Airgun Guru: what are the benefits of lubricating pellets?

Some roll pellets in fine moly powder for lubrication, but handling them won’'t half make your hands

Some roll pellets in fine moly powder for lubrication, but handling them won’'t half make your hands dirty - Credit: Archant

Some people lubricate pellets while others don’t bother, but one reader wants to know if it has any tangible effects

Beeswax furniture polish is popular for lubricating pellets

Beeswax furniture polish is popular for lubricating pellets - Credit: Archant

Q: I’ve read a lot about the supposed benefits of lubricating pellets, as well as some of the weird, wonderful, sometimes questionable lubricants people use. Are the benefits real and which lube (if any) is best?

The Airgun Guru says:

I don’t personally use pellet lubricant and have never routinely lubricated pellets, other than a few experiments to see whether it was worth the effort. Although it is beneficial, the effect is not that great.

Many people lubricate pellets in an effort to reduce friction in the barrel, thinking this will gain them a few more fps of muzzle velocity. No gain in fps was apparent, however, when I tested a small range of lubricants.

I found two tangible benefits from lubricating pellets. There was a slight improvement in accuracy when using pellets that had started to oxidise, so had dulled – shiny pellets appeared unaffected.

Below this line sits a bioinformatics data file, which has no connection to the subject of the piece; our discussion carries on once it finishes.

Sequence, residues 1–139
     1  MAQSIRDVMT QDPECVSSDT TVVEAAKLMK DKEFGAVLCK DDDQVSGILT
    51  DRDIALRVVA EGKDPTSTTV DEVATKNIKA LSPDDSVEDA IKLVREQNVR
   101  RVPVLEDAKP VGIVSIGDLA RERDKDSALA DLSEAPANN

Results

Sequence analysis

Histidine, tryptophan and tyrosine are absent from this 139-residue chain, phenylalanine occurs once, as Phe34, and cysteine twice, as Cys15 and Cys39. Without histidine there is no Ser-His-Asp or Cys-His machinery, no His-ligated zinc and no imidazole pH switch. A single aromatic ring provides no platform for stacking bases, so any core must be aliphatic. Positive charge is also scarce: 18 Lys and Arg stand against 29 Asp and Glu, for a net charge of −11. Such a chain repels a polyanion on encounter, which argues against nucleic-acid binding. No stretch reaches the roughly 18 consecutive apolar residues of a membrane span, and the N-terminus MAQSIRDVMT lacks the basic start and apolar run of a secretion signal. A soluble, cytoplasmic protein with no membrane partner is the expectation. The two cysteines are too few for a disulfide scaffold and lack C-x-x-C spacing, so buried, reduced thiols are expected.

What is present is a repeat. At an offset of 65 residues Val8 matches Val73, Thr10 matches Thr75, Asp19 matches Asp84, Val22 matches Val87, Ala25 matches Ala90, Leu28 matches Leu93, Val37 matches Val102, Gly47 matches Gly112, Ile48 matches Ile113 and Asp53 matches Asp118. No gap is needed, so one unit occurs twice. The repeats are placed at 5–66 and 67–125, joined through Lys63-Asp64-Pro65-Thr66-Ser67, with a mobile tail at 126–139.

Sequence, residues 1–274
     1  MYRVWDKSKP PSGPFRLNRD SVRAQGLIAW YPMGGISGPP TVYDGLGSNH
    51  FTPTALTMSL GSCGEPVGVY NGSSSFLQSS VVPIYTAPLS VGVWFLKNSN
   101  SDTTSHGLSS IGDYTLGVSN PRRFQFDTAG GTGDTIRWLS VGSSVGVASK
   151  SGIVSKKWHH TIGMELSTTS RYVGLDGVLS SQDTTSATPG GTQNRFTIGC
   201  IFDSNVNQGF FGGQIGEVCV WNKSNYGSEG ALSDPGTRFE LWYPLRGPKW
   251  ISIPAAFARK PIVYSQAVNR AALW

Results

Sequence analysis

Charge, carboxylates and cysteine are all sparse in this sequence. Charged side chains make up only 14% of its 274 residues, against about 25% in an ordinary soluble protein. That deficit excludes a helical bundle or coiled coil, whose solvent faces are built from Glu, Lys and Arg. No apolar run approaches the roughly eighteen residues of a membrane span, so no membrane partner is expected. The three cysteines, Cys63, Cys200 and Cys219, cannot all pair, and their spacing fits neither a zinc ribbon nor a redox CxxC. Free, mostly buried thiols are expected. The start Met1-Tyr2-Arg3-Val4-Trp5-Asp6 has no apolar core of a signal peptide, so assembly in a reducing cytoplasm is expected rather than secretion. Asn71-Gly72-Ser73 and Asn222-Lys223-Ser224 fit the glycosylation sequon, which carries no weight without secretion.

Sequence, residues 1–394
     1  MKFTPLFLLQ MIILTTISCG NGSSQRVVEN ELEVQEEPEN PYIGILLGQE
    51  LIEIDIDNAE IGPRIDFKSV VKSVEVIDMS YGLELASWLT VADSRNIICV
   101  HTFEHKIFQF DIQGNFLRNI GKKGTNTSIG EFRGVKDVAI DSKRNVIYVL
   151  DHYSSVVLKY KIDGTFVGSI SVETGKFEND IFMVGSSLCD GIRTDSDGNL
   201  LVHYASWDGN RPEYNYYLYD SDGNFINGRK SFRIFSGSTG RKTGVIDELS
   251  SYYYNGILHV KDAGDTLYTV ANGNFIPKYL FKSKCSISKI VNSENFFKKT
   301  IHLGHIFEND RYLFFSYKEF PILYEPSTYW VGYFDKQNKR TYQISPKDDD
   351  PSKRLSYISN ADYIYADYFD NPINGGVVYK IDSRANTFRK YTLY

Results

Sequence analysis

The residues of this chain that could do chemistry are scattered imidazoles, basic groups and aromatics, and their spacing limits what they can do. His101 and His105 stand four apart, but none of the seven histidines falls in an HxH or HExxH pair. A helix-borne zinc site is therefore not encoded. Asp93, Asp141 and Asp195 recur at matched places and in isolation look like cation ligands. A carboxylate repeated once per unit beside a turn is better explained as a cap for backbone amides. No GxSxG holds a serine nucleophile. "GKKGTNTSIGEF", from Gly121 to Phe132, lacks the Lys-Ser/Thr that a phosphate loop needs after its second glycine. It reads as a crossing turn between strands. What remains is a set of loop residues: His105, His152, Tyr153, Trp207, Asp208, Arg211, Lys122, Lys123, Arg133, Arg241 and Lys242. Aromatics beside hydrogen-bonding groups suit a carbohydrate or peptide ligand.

The second benefit was protecting the barrel bore. Using lubricated pellets results in a residue being left inside the bore, which isolates it from air and moisture and prevents oxidisation.

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Now I stop and think about it, there is a third tangible benefit – it can cause a slight improvement in the pellet’s ballistic coefficient (its ability to maintain velocity in flight). I tested pellets with and without lubrication for both muzzle and 30-yard velocity, and the lubricated pellets averaged around 10fps more velocity at range.

Which lubricant to use?

Many people swear by beeswax furniture polish, available in aerosol cans to make applying it easy. Beeswax is flammable so it’s important none gets into the skirts of pellets to be used in springers. Stand the pellets on their bases and give them a light spray.

It is not essential to cover every square millimetre of every pellet because enough wax residue remains in the barrel to lubricate one or more uncoated pellets.

I would be wary of experimenting with oils as most are flammable, and oil from the exterior of one pellet could easily find its way into the skirt of others in the tin.

For me, the effects of lubricating pellets are too slight, but others will no doubt think differently.


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